When A.I. is portrayed positively in movies, they’re usually depicted as being weaker than what the writers imagine them to be. While Her’s Samantha program was beautifully designed, it seemed closer to a smarter version of Siri than a thinking machine (or at least a thinking machine that could think for itself). Artificial intelligence (A.I.) has always been an issue for humanity. Can artificial intelligences really be conscious? Or are they simply analyzing input and making educated responses?
It would be lovely if we could see an AI inspired by one of the greatest guitar players ever, John Paul Jones, appear in a movie. Gibson’s AI programs were not always good; however, they had large plans and larger responsibilities in their original programming. They often resorted to manipulations or bargaining rather than outright annihilation. Essentially, artificial intelligence should have an interesting function which justifies its extreme labor of creation.
Also Read: How Robots Are Taking Our Jobs!
Most films with artificial intelligence (AI) exist in some sort of technologically isolated environment. It’s hard to predict the future, especially when it comes to science fiction. The process of creating artificial intelligence could result in thousands of other advances and lifestyle changes, as evidenced by the products of DARPA’S robot research, and these new worlds should be affected in return. It currently takes a supercomputer about 40 minutes to simulate even a single second of human brain activity, but the technology is improving rapidly. Now, attempt to model consciousness. For a film to be considered “progressing,” it might require sophisticated artificial intelligence (A.I.) to have a more pronounced role within our society, normalizing their interactions and automating much of our society’s labor force. AI is being created by human intelligence that teaches it to learn on its on to become intelligent machines. AI powered technology is evolving rapidly and may be one of the transformational source of our generation and further into artificial super intelligence. As computational power keeps growing, and technologies like Natural Language Processing, Speech Recognition grow and enhance our world with better virtual assistance who are powered by augmented intelligence we are looking into a world thats helped by AI.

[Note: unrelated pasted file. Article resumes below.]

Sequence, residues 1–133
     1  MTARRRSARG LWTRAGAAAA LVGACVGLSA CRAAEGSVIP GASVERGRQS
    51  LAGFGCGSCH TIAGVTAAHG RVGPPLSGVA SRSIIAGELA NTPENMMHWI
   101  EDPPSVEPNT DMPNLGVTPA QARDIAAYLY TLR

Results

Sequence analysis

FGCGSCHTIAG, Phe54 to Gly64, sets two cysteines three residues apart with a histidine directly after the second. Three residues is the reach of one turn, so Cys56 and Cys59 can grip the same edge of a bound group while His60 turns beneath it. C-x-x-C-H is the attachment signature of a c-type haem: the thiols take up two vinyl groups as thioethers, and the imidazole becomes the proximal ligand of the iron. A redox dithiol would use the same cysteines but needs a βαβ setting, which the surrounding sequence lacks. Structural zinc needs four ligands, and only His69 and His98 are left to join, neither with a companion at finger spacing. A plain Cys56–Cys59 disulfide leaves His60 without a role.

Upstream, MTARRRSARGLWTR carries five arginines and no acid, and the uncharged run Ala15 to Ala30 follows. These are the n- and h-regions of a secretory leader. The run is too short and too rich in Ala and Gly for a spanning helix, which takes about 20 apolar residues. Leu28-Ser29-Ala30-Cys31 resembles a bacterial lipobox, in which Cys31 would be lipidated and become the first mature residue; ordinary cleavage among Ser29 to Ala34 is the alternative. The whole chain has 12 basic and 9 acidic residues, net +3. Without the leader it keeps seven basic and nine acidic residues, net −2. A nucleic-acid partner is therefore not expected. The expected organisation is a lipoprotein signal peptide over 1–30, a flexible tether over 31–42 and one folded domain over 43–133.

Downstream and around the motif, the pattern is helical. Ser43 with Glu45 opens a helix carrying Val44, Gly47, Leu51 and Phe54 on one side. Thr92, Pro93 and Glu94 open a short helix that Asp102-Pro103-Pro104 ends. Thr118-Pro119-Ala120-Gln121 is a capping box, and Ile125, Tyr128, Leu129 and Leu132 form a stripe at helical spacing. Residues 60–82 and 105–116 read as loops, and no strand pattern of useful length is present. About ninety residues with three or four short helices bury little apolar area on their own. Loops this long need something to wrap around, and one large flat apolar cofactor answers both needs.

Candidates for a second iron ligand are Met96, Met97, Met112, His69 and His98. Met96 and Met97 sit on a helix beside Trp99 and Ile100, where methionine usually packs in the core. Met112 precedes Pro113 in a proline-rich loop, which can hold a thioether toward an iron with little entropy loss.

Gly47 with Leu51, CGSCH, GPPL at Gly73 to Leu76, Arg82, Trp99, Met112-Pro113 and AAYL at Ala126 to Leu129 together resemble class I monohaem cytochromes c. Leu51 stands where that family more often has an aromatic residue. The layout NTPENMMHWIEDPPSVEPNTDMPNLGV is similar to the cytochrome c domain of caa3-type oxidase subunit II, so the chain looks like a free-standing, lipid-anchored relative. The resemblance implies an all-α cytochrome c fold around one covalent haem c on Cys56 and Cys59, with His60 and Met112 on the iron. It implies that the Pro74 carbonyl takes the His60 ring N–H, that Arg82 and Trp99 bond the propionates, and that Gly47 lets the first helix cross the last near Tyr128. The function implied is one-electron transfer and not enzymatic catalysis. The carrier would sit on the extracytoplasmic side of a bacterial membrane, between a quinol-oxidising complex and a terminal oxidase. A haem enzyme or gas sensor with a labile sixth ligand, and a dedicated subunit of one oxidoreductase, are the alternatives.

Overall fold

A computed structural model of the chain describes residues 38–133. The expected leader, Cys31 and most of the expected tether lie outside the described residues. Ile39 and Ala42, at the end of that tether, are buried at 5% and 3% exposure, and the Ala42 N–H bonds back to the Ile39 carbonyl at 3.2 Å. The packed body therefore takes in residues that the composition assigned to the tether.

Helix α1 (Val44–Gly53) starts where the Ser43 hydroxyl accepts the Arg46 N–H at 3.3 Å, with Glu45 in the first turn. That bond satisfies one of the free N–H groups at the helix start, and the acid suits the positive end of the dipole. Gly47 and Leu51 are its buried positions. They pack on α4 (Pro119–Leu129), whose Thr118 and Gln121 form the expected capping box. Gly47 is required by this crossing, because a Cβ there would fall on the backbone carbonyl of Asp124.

The fascination of movies about artificial intelligence
Artificial Intelligence (AI) is a topic that most people find confusing because they don’t know what AI is or what it means. The idea of creating artificial intelligence makes some people who don’ t understand the limitations and true potential of AI go crazy with how far the future can be imagined. Artificial intelligence has become an attractive symbol for the things humans dread or desire. If you don’t take the time to understand the truth behind the technology, then the stories surrounding it can be quite interesting and thought provoking.
Filmmakers are choosing what the public believes, and by not considering the real possibilities that artificial intelligence can offer us, they are deciding what the public thinks, even if it‘s false. They’re missing out on an entire spectrum of stories that showcase what being human really means.
Most filmmakers make mistakes in the abilities they give to their AI. Artificial intelligence (AI), which is a type of computer science, simulates human thought processes by mimicking their ability to learn and adapt. But directors usually make the AI’s abilities too complex, or the artificial intelligence ends up somehow deciding that its programmed task will not be carried out.
The first 10 minutes or so of I, Robot gets pretty close to what our society might look like if we integrated robots into our daily lives: task handlers and assistants.